W A S H I N G T O N, Aug. 21, 2000 -- Iowa State Universityresearchers said today they found more evidence that pollenfrom bioengineered corn could be deadly for Monarchbutterflies, prompting environmentalists to renew demands fortighter restrictions on the crop.
The Iowa study published in the journal Oecologia comes ata time when the U.S. Environmental Protection Agency haslaunched its own review of the safety of corn and cotton plantsmodified to contain a pest-fighting gene.
The Clinton administration has faced growing pressure duringthe past year from consumer and environmental groups, as wellas some U.S. trading partners, who say not enough is yet knownabout the long-term safety of biotech crops. The seed industryand agribusiness contend that gene-spliced crops have undergonethousands of tests and pose no more safety risks thanconventional crops.
Iowa State researchers John Obrycki and Laura Hansen saidtheir research showed Monarch butterfly caterpillars were seventimes more likely to die when they ate milkweed plants carryingpollen from Bt corn, compared to conventional corn.
Gene Used as Pesticide
Bt is short for bacillus thuringiensis, a naturally occurringsoil bacterium that acts as a pesticide. The gene has beeninserted into millions of acres of UL.S. corn and cotton plantsto repel the European corn borer, bollworms and other pests.
The researchers placed potted milkweed plants in and aroundBt cornfields to simulate naturally occurring conditions.
Pollen from Bt crops also drifts onto nearby plants,including those eaten by harmless insects like the Monarch. Theorange and black butterflies are at greatest risk within 10meters of Bt fields, Obrycki said in an interview.
“There exists a good possibility that we will see somemortality of Monarchs in the field,” he said. “The level andamount will depend on the timing of when the corn is sheddingits pollen and when the Monarch larvae are in the fields.”
The Iowa study analyzed the impact on larvae from two typesof BB corn developed by Novartis AG and sold under the brandnames NatureGard and Attribute. The research built upon work byCornell scientists who created a stir one year ago when theyreported Monarch larvae died when fed relatively large amountsof Bt corn pollen in the laboratory.
Novartis defended the safety of its Bt corn, saying the newstudy did not duplicate real-world conditions.
“Research conducted outdoors doesn’t indicate what happensin a field environment,” said Novartis spokesman Rich Lotstein.“The weight of evidence of published and preliminary researchindicates that milkweed within one meter of Bt corn fields arehighly unlikely to be dusted with toxic levels of Bt pollen.”
A dozen university researchers stretching from Canada to theMidwestern corn belt are currently studying Bt corn fields andwhether the pollen impacts migrating Monarch butterflies.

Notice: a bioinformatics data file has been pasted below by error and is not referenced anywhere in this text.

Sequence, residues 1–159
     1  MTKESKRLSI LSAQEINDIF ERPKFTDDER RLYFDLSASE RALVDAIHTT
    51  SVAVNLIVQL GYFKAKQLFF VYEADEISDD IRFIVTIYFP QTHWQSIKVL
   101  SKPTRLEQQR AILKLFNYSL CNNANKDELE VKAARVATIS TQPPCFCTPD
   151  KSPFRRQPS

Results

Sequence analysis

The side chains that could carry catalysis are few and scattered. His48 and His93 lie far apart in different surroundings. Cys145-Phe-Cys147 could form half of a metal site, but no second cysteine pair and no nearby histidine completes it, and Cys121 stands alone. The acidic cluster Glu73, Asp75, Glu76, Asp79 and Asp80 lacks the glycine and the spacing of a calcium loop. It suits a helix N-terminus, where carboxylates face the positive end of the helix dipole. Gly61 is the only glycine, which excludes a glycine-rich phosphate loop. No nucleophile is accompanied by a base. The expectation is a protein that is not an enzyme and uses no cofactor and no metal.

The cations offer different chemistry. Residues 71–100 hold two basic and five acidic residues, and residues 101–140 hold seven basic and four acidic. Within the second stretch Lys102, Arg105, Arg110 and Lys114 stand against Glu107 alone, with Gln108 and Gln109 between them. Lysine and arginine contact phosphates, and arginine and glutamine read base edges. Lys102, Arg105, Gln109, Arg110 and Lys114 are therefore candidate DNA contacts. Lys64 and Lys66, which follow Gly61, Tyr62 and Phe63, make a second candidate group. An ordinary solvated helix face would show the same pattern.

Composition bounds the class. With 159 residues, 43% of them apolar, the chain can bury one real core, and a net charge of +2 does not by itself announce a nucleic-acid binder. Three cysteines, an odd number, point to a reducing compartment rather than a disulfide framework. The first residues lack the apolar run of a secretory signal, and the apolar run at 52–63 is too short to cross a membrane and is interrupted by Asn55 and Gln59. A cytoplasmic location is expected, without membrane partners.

University of Illinois scientists said in June they found noill effects for black swallowtail butterfly caterpillars whoate pollen from a variety of Bt corn developed by PioneerHi-Bred International, a unit of DuPont Co.
EPA Conclusions in September
EPA officials said they would review the new Iowa study,along with other scientific research as part of broadassessment of health and environmental risks for humans,animals, insects and other plants.
The agency aims to publish its views by mid-September andwill spend the winter months analysing regulations to see whatchanges, if any, may be needed in buffer zones surrounding Btfields or other rules. An EPA advisory panel of independentscientists will also weigh in with its own recommendations.
“Based on what we’ve seen so far, we’re not seeing anyimpact on any non-target organism, particularly the Monarchbutterfly,” Steve Johnson, an EPA deputy assistantadministrator, said in an interview.
He downplayed environmentalists’ concerns about the latestbutterfly study.
“If we were confronted by information that raisedsignificant public health or environmental issues, thencertainly we could take immediate action,” Johnson said. “Basedon the reviews of all the data that have come in, we don’t seeany reason to take any kind of action at this time.”
Green Groups Want More
Rebecca Goldburg, a scientist with Environmental Defence,said the Iowa research shows farmers should be required toplant 40-foot wide buffer zones around Bt corn fields.
“The EPA already requires that farmers growing Bt corn plant20 percent of their acreage in non-Bt corn, in order to slowthe evolution of pests resistant to Bt toxins,” Goldburg said.“Planting some or all of this 20 percent acreage as bufferzones would be only a small additional step.”
Goldburg co-authored a landmark National Academy of Sciencesreport on biotech crops earlier this year that concluded morelong-term research was needed into the potential risks forhuman and animal health.
In addition to the EPA, the U.S. Agriculture Department andthe Food and Drug Administration (FDA) are also involved inregulating gene-spliced crops and food. The FDA is expected toissue proposed regulations next month that would require foodmakers to have mandatory consultations with agency scientistsbefore a biotech food can be marketed.
About 20 percent of the U.S. corn crop — or 15.6 millionacres — was planted with Bt varieties this year, according toU.S. Agriculture Department estimates.